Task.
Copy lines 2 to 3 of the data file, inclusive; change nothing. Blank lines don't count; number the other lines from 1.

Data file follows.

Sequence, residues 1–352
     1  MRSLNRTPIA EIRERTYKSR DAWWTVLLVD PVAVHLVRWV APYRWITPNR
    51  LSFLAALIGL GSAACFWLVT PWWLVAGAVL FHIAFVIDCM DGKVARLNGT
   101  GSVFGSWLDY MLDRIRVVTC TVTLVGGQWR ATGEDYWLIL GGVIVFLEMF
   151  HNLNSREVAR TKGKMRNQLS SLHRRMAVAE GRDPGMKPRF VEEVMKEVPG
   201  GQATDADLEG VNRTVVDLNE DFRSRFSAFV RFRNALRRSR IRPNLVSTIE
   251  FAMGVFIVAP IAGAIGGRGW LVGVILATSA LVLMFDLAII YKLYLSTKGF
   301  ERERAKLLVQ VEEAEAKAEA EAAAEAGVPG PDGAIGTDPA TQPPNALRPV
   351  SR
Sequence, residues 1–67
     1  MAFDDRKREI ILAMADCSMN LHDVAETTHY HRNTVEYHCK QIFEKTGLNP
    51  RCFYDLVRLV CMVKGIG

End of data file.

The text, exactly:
     1  MRSLNRTPIA EIRERTYKSR DAWWTVLLVD PVAVHLVRWV APYRWITPNR
    51  LSFLAALIGL GSAACFWLVT PWWLVAGAVL FHIAFVIDCM DGKVARLNGT